I would probably want to start trying with methanol if the supplier says it should be safe. It is easily available, fairly inexpensive, minimally hazardous, and has less severe effects on most rubbers and plastics than other organic solvents.



  • I would just crawl into the back of the laser cabinet, unplug the line from the flow switch, and see if the pump can fill a bucket. If it can then I would try reconnecting the line to the flow switch again. Water is the best universal solvent



  • Water is flowing through the return line fine. I left the pump plugged into the wall over night to see if it unsiezes anything.



  • I ran the pump and water is flowing. I made a float level indicator from a dowel and a block of wood and topped up the tank. I also fixed the lid to fit better. Could not test fire, key too well hidden. 0_1511929160344_20171128_200129.jpg


  • Member

    @Grant-Fraser said:

    I ran the pump and water is flowing. I made a float level indicator from a dowel and a block of wood and topped up the tank. I also fixed the lid to fit better. Could not test fire, key too well hidden. 0_1511929160344_20171128_200129.jpg

    key is hidden in the yellow tool box in the lid.



  • Thanks, got it. Bad news. We’ve broken another laser. The outer jacket is filled with water. It is trying to fire the laser through 2 inches of water. 0_1511931992753_15119319720131137712711.jpg



  • Good-ish news. It appears it’s only the water jacket that’s broken. It’s worth it to try cutting through the outer layer and patching the inner layer with rubber hose or JB Weld. If anybody has a friend in the neon sign business we could use some help. I don’t expect a glass repair as the sign shop wouldn’t have the exact glass to work with. I am hoping they can help cut the outer tube without breaking it. 0_1511935511318_20171128_215906.jpg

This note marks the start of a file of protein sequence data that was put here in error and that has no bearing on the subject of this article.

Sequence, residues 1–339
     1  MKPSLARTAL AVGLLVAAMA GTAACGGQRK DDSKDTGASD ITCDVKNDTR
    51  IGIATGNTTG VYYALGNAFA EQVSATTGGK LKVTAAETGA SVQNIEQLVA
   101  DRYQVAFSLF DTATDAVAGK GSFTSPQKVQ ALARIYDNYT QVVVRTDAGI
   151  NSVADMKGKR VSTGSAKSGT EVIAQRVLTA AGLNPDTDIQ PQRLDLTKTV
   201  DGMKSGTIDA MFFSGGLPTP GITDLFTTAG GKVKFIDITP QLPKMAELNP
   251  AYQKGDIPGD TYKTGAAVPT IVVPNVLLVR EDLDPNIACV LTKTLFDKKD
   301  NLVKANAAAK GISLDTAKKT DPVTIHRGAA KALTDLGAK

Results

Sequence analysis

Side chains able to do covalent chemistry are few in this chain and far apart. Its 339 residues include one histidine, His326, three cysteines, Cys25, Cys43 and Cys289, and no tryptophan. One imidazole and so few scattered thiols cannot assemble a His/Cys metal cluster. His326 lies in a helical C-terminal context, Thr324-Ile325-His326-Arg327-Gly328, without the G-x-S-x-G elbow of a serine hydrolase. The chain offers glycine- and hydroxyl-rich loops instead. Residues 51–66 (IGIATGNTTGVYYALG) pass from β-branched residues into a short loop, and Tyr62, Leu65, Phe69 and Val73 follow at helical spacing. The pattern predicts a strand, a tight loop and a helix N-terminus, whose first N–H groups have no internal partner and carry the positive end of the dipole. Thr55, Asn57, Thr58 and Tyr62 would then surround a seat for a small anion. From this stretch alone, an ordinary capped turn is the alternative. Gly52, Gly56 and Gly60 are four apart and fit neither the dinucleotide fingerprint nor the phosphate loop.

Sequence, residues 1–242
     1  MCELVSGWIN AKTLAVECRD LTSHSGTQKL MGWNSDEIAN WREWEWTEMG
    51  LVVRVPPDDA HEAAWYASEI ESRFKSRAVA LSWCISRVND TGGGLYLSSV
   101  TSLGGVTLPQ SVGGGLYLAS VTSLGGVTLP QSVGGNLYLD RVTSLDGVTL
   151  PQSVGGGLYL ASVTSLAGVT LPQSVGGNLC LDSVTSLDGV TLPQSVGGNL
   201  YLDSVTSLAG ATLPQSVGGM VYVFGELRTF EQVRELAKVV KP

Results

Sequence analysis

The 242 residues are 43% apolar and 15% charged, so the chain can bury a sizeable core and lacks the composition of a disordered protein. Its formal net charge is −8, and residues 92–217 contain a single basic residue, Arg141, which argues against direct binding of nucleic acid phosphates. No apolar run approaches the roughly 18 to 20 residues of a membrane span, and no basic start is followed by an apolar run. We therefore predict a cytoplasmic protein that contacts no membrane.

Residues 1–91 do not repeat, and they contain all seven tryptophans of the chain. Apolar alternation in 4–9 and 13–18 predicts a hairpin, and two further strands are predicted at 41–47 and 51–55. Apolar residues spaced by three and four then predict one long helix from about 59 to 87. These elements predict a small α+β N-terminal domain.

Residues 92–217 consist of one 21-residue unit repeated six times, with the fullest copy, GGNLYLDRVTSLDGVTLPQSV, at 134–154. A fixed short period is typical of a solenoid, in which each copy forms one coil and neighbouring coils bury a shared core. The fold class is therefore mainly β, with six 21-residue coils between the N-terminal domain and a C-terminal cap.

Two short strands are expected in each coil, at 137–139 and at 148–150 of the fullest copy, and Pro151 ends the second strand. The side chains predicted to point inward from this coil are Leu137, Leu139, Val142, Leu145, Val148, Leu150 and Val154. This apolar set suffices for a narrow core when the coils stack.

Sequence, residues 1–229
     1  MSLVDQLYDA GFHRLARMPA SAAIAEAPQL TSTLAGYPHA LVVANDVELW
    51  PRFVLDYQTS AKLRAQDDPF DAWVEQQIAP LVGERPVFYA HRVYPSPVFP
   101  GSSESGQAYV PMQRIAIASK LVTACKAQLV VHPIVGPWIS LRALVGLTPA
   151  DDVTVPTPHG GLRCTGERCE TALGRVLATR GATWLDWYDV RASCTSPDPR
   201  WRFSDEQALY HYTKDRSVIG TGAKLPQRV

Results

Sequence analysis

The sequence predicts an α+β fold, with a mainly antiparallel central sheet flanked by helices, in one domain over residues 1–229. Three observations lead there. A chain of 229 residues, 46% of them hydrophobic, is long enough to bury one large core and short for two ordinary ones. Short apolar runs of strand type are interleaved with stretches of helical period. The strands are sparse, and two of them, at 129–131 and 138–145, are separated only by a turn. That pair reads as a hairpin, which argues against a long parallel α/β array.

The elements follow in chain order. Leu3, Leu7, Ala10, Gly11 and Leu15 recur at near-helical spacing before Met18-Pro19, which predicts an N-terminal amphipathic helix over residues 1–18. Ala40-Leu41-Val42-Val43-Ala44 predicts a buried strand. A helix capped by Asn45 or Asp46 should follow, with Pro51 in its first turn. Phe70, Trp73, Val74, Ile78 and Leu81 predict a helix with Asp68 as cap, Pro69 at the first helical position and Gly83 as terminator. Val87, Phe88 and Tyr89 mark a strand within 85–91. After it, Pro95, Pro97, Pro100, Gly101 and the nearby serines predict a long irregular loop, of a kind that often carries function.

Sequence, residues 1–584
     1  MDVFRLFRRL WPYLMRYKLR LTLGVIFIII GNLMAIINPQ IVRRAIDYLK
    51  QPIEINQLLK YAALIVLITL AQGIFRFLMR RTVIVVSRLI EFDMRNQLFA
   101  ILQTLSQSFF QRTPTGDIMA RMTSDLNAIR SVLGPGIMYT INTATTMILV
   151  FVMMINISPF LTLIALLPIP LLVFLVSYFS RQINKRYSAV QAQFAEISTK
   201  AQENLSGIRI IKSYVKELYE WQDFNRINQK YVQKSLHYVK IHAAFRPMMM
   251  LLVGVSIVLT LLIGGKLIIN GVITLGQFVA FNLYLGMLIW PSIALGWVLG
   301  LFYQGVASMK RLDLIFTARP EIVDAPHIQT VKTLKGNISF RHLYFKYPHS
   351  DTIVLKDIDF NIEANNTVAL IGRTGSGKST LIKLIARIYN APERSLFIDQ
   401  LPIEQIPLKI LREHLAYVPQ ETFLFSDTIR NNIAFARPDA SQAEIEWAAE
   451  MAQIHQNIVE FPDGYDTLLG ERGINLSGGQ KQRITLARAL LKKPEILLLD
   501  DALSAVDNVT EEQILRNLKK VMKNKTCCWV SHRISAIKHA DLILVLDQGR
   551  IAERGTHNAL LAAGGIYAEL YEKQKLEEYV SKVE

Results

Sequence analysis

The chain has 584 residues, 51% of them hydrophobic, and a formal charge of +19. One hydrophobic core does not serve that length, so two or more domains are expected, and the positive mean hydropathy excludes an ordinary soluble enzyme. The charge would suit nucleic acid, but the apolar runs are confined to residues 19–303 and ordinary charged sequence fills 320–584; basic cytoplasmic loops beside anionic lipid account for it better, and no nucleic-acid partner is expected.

• Hmmm. Maybe don’t shoot any more test-pulses with the electrode submerged… Can’t be good for the power supply. I have no idea if the warranty will cover that leak, but I’ll see what they say.


  • Design Lab

    A laser-less Christmas then?? Say it ain’t so!



  • Here is an interesting FAQ page. It says that the laser tube should be kept between 25 and 30 degrees celcius and that in colder climates we should drain the laser between uses. Not really practical. I will suggest that we can make a much fancier chiller unit. One that warms the water to 25 degrees before use and keeps it under 30 degrees. And make it interlock with the laser.

    http://efrlaser.com/profile/faq/200473/0/


  • Classroom

    @Grant-Fraser, I have often wondered if our chiller unit may be too efficient. This seems like a valid issue. I had assumed that the tubes were likely borosilicate glass and should stand up to the temperature changes better without cracking.

    I’m wondering if a less expensive laser tube might be associated with less expensive glass thereby increasing the failure rate, especially with overkill cooling. I’m not saying we have that, just that if we did, it would kill cheap glass faster than HQ borosilicate glass.

    I have no idea what any of the tubes are actually made of, but maybe it is something worth examining when we are comparing specs.